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Prize-winning paper sheds light on the origin of living systems

A paper co-authored by a Sussex academic has won the Best Paper Award at an international conference on the simulation and synthesis of living systems.

One of the theories about the origin of life-like processes involves "autocatalytic cycles": groups of chemicals that collectively participate in a behaviour analogous to self-reproduction.

The prize-winning paper, Self-Organising Autocatalysis (by Dr Nathaniel Virgo, Dr Simon McGregor and Professor Takashi Ikegami) uses an elegant abstract simulation model to illustrate how autocatalysis can be inevitable when the right conditions of energy imbalance are in place.

The model simplifies real-world chemistry by assuming that molecules are made up from just one type of building block and have no internal structure. This ignores the differences between real-world chemical elements, but reflects the principle that matter cannot be created or destroyed in chemical reactions. It turns out that, even in such a simple model, groups of chemicals will self-organise to produce a runaway growth process, like rabbits multiplying, providing that enough "food" is fed into the system. The simplicity of the model allowed the researchers to prove their result mathematically, as well as to demonstrate it in simulation.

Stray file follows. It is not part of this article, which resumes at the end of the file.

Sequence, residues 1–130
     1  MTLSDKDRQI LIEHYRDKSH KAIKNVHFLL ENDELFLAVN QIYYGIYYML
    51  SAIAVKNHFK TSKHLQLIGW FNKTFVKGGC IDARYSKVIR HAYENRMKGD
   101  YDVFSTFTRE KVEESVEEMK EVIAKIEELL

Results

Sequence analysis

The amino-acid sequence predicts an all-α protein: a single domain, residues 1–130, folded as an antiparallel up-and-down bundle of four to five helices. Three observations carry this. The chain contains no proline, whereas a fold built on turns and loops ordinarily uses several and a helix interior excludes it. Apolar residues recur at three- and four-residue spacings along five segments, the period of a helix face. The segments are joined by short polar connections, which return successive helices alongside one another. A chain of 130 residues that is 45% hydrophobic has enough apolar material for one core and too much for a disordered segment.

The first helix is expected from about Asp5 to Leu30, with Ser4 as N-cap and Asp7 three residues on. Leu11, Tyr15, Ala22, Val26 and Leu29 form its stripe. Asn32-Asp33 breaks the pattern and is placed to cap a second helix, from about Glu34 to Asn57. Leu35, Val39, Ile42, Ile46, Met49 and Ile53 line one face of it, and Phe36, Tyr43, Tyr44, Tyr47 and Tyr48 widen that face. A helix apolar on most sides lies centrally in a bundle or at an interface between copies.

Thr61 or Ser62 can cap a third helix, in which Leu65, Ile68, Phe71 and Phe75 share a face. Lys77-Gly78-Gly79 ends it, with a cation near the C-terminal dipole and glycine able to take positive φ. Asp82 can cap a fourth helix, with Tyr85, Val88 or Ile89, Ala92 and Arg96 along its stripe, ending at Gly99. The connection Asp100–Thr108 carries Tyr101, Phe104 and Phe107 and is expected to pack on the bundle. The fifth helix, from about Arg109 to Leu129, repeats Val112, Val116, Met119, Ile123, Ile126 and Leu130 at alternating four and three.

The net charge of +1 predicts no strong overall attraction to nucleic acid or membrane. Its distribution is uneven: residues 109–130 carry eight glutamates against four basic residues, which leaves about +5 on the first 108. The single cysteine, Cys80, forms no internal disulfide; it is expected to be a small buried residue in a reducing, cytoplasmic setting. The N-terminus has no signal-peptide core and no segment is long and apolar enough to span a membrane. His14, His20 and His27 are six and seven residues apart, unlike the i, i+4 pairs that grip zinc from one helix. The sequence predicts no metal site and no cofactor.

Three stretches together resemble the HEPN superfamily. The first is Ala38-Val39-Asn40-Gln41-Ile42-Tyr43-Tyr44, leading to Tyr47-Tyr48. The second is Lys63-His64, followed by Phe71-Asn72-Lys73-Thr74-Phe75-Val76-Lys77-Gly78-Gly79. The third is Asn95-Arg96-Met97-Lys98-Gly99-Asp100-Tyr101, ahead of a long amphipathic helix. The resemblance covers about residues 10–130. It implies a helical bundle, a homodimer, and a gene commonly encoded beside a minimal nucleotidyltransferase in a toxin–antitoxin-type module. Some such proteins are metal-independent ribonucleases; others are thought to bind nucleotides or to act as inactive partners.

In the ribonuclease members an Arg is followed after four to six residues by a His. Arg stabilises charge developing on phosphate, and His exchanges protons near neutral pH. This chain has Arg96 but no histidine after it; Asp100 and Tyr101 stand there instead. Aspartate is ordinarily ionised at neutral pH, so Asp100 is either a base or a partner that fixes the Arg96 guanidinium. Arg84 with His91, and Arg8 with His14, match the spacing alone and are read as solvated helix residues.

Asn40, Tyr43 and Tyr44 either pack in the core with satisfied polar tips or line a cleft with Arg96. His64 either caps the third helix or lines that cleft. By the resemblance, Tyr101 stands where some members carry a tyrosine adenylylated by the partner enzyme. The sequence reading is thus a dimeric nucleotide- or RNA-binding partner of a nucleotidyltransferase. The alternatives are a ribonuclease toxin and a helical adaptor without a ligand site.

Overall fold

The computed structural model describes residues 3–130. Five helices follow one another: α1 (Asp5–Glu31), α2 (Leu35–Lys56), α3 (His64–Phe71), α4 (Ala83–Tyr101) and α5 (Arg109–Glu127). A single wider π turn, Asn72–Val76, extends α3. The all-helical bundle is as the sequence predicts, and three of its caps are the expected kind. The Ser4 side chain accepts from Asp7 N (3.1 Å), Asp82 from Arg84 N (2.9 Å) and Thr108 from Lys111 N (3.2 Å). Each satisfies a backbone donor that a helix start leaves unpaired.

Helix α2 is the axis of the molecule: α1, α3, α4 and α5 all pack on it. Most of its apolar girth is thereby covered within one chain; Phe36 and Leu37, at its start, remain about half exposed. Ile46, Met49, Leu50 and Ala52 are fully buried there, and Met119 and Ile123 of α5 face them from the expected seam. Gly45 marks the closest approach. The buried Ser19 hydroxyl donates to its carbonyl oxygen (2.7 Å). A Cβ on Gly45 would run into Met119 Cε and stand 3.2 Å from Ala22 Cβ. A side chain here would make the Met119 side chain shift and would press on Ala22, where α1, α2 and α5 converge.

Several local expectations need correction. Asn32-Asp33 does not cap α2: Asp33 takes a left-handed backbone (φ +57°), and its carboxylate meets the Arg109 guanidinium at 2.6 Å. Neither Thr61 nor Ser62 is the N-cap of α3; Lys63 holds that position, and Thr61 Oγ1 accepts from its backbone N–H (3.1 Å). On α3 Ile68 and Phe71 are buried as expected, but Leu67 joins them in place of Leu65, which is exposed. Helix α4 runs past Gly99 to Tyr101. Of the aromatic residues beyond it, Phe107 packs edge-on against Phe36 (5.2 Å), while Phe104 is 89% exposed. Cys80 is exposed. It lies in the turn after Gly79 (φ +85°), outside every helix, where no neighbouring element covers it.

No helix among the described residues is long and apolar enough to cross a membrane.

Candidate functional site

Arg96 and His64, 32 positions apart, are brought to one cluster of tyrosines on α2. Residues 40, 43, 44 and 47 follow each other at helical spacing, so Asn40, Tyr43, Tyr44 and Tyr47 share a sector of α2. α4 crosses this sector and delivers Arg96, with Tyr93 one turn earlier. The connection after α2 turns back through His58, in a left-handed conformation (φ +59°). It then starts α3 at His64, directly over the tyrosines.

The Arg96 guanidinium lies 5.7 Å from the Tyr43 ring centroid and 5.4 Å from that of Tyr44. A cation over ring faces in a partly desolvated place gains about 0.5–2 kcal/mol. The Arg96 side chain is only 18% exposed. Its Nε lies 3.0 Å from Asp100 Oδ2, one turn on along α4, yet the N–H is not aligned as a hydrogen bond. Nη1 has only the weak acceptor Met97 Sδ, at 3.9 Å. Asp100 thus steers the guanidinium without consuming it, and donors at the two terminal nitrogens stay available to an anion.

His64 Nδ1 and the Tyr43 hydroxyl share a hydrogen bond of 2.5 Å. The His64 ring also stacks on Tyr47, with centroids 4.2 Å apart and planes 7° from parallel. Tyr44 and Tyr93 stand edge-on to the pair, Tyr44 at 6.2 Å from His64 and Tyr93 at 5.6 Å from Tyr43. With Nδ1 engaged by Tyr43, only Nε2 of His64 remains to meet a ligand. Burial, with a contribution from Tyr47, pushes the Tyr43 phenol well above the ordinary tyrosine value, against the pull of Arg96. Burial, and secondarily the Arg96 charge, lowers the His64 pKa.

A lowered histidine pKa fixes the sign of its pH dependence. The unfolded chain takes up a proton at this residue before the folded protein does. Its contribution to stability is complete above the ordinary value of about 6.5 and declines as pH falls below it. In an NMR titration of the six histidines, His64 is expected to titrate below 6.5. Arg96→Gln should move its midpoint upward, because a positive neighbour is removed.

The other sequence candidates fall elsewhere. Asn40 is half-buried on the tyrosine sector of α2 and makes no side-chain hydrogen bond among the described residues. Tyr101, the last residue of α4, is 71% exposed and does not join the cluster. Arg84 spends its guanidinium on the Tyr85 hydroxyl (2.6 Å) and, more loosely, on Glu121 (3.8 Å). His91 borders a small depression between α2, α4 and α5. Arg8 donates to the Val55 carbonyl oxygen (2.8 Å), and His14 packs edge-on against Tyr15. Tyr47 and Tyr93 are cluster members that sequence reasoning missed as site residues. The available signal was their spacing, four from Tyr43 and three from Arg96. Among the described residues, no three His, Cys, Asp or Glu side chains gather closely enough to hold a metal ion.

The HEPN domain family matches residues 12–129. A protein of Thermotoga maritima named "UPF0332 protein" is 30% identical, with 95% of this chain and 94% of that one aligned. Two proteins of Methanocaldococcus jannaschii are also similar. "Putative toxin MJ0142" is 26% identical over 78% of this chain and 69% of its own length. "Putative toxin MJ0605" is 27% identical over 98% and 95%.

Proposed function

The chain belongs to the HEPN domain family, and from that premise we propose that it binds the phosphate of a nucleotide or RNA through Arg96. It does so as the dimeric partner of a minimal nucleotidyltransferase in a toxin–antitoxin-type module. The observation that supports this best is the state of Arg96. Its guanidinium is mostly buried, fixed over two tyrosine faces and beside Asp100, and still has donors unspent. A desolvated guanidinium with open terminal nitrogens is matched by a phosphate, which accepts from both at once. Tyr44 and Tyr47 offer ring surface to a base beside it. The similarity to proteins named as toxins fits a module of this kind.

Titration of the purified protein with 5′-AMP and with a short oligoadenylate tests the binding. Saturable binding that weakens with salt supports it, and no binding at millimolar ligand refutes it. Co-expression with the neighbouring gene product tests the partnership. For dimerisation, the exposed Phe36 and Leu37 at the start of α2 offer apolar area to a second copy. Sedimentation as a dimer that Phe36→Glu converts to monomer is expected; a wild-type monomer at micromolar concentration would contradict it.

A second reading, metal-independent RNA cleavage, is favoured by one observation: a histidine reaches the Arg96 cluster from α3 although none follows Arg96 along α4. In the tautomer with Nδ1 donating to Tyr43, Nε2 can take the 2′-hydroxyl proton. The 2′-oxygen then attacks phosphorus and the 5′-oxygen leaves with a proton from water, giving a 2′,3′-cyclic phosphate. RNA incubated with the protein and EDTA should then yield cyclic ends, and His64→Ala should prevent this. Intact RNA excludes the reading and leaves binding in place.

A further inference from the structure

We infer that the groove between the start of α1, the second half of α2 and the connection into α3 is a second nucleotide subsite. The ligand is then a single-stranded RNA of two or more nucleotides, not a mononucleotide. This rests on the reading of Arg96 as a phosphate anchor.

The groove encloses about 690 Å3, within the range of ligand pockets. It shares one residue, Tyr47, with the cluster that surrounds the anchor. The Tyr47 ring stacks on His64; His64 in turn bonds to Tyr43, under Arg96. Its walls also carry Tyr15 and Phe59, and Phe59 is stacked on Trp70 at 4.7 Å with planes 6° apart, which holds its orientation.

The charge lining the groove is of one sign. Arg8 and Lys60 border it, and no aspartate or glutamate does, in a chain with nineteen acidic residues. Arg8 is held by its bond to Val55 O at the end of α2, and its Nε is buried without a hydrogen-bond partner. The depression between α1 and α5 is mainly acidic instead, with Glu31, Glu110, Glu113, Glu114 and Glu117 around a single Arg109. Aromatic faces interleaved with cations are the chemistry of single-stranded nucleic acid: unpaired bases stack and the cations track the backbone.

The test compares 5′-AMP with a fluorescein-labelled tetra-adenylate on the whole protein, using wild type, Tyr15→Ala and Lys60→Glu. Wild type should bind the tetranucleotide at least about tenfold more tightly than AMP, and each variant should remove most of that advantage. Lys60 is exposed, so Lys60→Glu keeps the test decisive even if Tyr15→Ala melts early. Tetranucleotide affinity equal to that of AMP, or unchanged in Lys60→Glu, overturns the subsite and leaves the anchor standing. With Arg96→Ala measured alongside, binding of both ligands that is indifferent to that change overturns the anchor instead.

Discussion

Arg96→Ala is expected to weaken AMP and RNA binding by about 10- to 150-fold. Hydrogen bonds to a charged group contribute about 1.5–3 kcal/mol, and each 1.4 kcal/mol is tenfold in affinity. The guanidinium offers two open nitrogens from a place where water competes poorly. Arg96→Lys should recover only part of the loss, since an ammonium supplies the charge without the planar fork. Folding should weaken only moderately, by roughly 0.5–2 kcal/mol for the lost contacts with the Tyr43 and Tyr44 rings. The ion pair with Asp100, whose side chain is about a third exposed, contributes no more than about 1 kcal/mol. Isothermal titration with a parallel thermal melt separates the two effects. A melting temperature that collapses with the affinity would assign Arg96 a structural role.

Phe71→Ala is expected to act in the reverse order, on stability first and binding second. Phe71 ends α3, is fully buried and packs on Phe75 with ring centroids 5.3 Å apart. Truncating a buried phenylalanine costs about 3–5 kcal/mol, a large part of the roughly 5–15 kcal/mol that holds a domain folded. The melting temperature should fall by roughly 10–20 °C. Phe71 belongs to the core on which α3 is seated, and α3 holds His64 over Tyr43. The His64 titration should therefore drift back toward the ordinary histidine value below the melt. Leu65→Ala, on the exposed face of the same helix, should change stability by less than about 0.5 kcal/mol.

"Our model manages to be simultaneously simpler and more realistic than most other artificial chemistries," says Dr McGregor. "Previous research made the wrong sorts of abstractions: it turns out that as long as you take energy flow seriously, catalysis and autocatalysis just emerge from cycles of ordinary reactions, much as they do in physics. We've shown yet again that when you study complex phenomena, it pays to keep it simple."

Dr Virgo and Dr McGregor both conducted PhDs and postdoctoral research in the Department of Informatics at the University of Sussex. Dr Virgo is now at the University of Tokyo, as is third author Professor Ikegami, while Dr McGregor is a Tutorial Fellow at Sussex.

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By: John Carroll
Last updated: Monday, 18 August 2014

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